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WOW !!! This is going to be GOOD !! More...more.....

I'd only waste my money if I didn`t spend it on all my bikes......
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Old 01-25-2010, 07:42 PM   #4
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More of Sasha and his daughter:

Other riders: that's me riding the robin's egg blue bike with Roma in the sidecar. Turkish gas stations usually gave us tea when we gassed up.

Our staging point was a semi-deserted taxi terminus on the outskirts of Baku where we had a couple of garage bays where the mechanics got the bikes in shape, and we could practice riding:

Some local press photographers stopped by:

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Old 01-25-2010, 09:31 PM   #5
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In 2000, Oil Odyssey had carried the first barrel of crude down the BTC line -- so in OO 2001, we brought the first natural gas down the line; the State Oil Company of Azerbaijan -- SOCAR -- prepared the canister for us. Here Vince takes delivery:

We mounted the canister in a sidecar -- we had real some concern that it would explode in a crash. It had a working valve that could be ignited. Here Tom breathes fire -- I just have a thumbnail of this pic:

Also new for 00 in 2001: Tom brought along an Azeri TV crew and, in a last-minute addition, a bus load of Azeri musicians and dancing girls.

Tom's adopted daughter Milena dances in Baku for the renowned Rashid Bedudov dance troupe and they agreed to accompany us:

Dancers Aytan (left) and Aynura (right) also came along:

Dancer Zalika sits astride a Ural to demonstrate rideability. When these girls got tired of riding in the bus they could be enticed into a sidecar.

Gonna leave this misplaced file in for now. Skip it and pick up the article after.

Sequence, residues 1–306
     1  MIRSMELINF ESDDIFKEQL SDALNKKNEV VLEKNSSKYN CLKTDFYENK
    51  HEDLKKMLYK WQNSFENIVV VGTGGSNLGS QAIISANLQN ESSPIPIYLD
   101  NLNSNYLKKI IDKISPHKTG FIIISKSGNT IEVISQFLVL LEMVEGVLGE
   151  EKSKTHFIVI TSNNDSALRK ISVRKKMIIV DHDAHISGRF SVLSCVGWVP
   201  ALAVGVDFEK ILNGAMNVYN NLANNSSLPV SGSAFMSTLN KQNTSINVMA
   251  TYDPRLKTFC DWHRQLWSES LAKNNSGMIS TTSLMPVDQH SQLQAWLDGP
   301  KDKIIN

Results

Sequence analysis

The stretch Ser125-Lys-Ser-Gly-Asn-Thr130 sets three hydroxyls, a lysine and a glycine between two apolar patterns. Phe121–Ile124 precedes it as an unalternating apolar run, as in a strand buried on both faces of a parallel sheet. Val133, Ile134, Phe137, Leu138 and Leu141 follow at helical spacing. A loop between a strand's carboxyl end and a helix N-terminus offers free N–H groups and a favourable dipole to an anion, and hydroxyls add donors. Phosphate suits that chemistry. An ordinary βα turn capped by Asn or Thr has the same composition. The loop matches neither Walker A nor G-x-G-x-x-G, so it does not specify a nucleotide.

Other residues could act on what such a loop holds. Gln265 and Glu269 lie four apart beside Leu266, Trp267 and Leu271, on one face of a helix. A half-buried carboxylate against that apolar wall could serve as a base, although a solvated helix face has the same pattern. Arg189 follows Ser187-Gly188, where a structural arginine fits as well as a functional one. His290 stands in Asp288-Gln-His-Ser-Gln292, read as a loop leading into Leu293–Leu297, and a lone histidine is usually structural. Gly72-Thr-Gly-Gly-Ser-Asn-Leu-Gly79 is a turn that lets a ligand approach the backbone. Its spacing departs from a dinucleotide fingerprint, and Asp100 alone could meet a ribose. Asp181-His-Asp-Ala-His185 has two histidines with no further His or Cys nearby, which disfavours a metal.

And the we had Azeri singer Bilal Aliyev, a star in Azerbaijan and the Turkic world. So we put on shown of music, dance and song in the small villages along the way:

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Old 01-25-2010, 10:29 PM   #6
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Old 01-26-2010, 04:56 AM   #7
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I'd rather die living than live dying.

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Old 01-26-2010, 08:02 AM   #8
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I`m liking this.

Wow..those girls are BEAUTIFUL !!

I'd only waste my money if I didn`t spend it on all my bikes......
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Old 02-17-2010, 05:39 PM   #9
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Great RR, thanks that we can have many different cultural experiences here.
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Old 02-21-2010, 05:04 PM   #10